There are significant differences in the results returned from general secondary schools and Professional schools. ECP Students of Professional schools in general present higher Entrepreneurial Intentions, and higher scores on entrepreneurial attitudes and behaviours The proportion of ECP students in Professional schools that have already created a business and want to become entrepreneurs in the future is higher when compared to those of general secondary schools.
Regarding personal factors, the results display differences in terms of gender The ECP programme in the short-term shows higher impact on boys than on girls, making more evident the differences in attitudes and behaviours. However, in graduate students, girls tend to present higher scores but specially concerning entrepreneurial intentions. Boys present higher scores in innovativeness.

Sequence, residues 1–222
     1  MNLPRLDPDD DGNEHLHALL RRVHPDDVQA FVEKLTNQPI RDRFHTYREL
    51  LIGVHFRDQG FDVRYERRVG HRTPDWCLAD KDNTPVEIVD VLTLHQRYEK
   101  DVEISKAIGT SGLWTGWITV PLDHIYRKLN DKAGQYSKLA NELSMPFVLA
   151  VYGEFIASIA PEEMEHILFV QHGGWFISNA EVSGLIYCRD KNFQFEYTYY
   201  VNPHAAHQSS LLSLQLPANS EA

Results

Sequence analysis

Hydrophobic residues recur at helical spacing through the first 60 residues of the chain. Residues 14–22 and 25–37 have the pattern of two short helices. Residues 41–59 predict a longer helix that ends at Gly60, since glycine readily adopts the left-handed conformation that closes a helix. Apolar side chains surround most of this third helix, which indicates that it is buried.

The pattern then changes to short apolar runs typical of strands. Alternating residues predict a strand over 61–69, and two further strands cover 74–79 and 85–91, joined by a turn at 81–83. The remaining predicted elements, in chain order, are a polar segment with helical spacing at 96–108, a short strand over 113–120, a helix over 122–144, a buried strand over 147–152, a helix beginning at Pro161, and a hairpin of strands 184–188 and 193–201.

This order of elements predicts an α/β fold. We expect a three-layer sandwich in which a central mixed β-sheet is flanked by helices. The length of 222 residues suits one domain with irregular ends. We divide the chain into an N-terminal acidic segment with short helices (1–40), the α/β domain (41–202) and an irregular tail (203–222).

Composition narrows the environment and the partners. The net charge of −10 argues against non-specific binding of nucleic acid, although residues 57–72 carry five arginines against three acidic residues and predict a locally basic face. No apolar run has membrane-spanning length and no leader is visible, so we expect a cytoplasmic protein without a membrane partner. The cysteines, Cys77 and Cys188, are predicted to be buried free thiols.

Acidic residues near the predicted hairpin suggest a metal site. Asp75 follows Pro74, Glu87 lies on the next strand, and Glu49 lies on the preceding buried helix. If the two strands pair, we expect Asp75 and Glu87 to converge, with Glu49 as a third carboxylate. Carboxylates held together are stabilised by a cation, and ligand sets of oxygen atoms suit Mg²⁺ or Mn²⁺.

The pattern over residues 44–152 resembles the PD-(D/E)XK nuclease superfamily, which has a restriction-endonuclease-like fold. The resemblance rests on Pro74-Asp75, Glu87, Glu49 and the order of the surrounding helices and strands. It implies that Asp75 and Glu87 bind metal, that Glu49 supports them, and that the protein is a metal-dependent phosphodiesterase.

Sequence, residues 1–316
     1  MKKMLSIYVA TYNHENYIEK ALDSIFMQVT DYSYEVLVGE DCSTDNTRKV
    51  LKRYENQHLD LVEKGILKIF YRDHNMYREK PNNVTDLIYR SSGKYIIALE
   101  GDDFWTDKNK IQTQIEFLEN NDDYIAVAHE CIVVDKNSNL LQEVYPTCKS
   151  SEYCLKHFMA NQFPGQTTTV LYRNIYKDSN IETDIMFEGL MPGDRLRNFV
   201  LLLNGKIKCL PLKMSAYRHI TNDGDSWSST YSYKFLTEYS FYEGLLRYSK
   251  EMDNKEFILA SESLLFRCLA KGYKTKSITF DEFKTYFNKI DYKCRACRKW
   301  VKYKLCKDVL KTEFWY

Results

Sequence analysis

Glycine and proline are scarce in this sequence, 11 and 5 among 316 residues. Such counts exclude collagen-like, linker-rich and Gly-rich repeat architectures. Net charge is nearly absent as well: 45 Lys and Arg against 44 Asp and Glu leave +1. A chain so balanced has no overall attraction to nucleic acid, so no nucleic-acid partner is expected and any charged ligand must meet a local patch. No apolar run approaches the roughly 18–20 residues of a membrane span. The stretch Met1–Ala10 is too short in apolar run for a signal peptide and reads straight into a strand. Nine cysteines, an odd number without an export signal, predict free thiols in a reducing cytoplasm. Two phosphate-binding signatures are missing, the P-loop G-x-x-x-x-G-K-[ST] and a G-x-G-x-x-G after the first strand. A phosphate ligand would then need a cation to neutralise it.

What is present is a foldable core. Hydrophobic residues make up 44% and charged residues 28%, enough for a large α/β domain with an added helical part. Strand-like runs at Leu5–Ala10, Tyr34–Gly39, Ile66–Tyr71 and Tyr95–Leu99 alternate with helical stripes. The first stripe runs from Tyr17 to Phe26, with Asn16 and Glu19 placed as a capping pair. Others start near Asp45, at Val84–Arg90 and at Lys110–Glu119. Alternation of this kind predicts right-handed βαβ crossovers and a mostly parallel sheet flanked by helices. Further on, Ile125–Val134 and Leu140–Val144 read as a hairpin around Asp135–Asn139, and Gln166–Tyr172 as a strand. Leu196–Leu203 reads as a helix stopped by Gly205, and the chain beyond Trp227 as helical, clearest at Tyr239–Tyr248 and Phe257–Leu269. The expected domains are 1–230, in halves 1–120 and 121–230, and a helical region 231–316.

In sum.. ECP seems to present higher impact in rural areas. This difference may be explained by the living conditions prevailing in rural areas. Different kinds of schools present different impacts. Why? Students with different interests or teachers with different characteristics/methods? Entrepreneuship education matters but it is not enough to mitigate differences in gender attitudes and behaviours in the short term. In the medium-long term it seems to produce some effect. Impacts on girls seems to be more related with necessity, meanwhile in boys with opportunity